The Blueprint to Balance

Awareness of our own strengths and limitations is the necessary first step in managing a successful junior or senior year.


Kat Klinefelter

For most students at NASH, the demands of school must be managed alongside equally time-consuming responsibilities outside of school.

Shuban Tiwari, Staff Writer

School is back in session, and many students are already overwhelmed with the challenges of time-management and the pressure to keep their grades up. But a few science-based strategies and words of wisdom from current and graduated seniors are the only things necessary to make the year manageable and productive.

Consider a tip that many students overlook: mindfulness. Often mistaken for meditation, mindfulness doesn’t necessarily require a student to sit down in trance-like isolation. In fact, Psychology Today defines mindfulness as a “state of active, open attention to the present… observing one’s thoughts and feelings without judging them as good or bad.”

Of course, meditation is one way to achieve mindfulness. Finding alone time and organizing your thoughts and feelings can be especially helpful. However, high school students aren’t typically open to meditation, so the next best thing is to simply be aware and conscious of the decisions you take as a student. Observe how long your homework actually takes–don’t just assume you can finish it quickly after practice, unless you really can. Take the first few weeks of school to understand your classes and teachers. Which classes might require more work than others?  Where are the expectations the highest?

“Having two practices a night can be challenging to balance with my classes,” said Varun Kaveti, a senior who plays both basketball and volleyball, “but I make sure to maximize every free minute. I still catch myself scrolling on my phone, but that can turn 30 minutes of homework into an hour.”

Mindfulness as a high schooler comes down to being precise about the decisions you’re making. When you’re mindful of your time, you’re in control. Consider cutting time off your phone so that you can spend more time sleeping, hanging out with your friends, or doing something else that benefits your mental health. The more mindful you are, the more you’re able to control your life.

Another important piece of advice is to avoid procrastination, the nemesis of many students’ lives. It slowly creeps on us throughout the day and strikes us the second we get home. Procrastination is the voice that convinces you to do your homework later. Procrastination tells you that you’ve spent the entire day learning, so you can spend some time avoiding your academic responsibilities. High schoolers are all too familiar with this story, but they often fail to effectively combat it. The habit can then transition into their college years and adult lives, adding unnecessary pressure.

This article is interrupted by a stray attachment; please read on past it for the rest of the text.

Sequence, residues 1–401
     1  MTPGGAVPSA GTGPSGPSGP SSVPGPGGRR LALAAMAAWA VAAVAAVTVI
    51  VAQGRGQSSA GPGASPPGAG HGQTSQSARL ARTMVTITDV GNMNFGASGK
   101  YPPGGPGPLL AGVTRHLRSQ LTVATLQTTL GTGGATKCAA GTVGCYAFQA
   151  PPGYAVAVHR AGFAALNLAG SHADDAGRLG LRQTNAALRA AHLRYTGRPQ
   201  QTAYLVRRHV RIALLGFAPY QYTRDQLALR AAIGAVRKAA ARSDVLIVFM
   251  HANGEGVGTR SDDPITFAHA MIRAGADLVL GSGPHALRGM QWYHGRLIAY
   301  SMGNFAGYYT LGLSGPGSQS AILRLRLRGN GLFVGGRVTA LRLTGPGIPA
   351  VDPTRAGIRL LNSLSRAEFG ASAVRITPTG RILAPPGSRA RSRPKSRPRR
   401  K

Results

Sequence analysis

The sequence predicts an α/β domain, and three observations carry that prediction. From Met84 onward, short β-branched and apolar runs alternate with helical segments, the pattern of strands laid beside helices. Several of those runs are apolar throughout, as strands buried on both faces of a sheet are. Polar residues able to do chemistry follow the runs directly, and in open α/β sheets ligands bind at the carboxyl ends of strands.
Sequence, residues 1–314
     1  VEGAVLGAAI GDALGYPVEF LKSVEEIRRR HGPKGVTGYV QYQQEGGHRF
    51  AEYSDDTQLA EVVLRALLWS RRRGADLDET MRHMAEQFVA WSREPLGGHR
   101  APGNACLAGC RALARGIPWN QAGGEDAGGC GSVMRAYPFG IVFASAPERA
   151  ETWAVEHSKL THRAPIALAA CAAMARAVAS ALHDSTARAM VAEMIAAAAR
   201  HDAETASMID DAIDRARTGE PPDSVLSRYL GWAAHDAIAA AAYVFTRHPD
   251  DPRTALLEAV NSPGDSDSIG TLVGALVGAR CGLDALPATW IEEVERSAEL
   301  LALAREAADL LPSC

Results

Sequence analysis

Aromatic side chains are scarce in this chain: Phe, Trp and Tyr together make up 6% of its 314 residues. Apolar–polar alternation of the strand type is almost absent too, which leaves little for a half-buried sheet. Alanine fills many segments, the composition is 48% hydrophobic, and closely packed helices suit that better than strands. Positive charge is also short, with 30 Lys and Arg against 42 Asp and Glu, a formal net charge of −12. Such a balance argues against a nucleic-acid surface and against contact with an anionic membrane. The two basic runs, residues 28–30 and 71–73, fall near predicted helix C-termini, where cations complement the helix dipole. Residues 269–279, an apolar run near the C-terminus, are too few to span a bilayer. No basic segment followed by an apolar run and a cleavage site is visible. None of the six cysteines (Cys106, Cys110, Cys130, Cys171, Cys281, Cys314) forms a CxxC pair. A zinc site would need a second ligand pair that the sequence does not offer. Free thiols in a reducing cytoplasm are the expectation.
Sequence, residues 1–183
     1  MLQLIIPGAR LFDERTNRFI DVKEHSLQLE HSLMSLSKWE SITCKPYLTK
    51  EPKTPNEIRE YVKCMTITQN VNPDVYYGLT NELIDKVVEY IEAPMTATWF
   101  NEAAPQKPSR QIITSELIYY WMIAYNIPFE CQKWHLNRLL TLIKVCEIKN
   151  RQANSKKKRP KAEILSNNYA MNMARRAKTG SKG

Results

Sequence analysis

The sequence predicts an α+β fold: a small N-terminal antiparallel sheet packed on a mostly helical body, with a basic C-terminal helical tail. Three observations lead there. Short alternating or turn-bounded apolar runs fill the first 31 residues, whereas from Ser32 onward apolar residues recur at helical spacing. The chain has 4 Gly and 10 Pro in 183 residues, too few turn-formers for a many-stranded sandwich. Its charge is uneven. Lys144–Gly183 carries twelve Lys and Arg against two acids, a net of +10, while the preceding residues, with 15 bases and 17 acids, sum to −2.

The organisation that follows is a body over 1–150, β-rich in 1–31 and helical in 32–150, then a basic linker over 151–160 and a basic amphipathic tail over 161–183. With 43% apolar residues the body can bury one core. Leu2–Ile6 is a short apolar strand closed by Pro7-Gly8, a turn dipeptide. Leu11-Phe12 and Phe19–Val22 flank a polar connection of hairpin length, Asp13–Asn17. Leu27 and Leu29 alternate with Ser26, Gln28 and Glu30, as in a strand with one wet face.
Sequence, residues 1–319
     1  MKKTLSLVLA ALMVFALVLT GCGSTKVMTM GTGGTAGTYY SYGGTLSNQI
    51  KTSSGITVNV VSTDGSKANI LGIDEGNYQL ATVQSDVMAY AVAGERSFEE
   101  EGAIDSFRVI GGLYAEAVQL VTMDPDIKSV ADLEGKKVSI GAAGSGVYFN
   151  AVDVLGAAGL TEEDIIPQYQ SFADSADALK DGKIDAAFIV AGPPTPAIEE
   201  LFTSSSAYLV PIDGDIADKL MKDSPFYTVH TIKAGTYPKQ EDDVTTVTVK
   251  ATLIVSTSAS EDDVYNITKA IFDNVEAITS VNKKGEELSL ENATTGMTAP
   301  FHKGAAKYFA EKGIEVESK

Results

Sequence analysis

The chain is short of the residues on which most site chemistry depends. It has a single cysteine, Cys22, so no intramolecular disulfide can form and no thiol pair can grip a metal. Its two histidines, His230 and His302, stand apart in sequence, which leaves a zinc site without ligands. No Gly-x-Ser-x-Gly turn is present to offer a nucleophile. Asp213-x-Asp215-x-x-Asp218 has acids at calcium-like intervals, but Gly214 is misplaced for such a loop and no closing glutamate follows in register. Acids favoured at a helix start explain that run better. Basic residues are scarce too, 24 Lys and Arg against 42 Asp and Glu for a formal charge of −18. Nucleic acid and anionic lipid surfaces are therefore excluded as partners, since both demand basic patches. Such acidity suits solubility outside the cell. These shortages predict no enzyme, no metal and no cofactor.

NASH senior William Sun, who has taken 16 AP courses, has a simple formula to avoid procrastination.

“I budget blocks of time throughout the day, saying I’m going to do this specific task at this time,” Sun said.

To some extent, of course, procrastination can be useful. Many students admit to using procrastination as a tool. They argue that the stress of procrastination causes them to work their hardest–diamonds are formed under pressure, after all. But there’s a difference between delaying work to 10PM and waiting until 2AM. According to The Association for Psychological Science, setting up a sleep schedule that is unsustainable negatively affects your health.

Needless to say, there is more than one way to combat procrastination. Some students, like Sun, focus on finishing work before a deadline they set for themselves. Others complete their work practically as soon as it’s handed to them. What’s important is to be mindful of the challenges you’ve chosen and the expectation other have for you. Be more conscious of your bad habits and your strengths, and find a comfortable workflow that will allow you to succeed.

But perhaps such advice is easier said than done for seniors, who are facing not only the stress of a new school year but the added anxiety of the college application process. However, NA grad and former Speech and Debate Team President Kolitha Perera encourages seniors to see the larger picture.

“If a college decision doesn’t work out, it’s likely that you and the school wouldn’t have formed a meaningful connection in the first place,” he said. “So, wherever you end up is wherever you’re meant to be–no matter where that is–if you work hard enough, it won’t matter in the long run.”

In its own way, Perera’s advice is a model of mindfulness.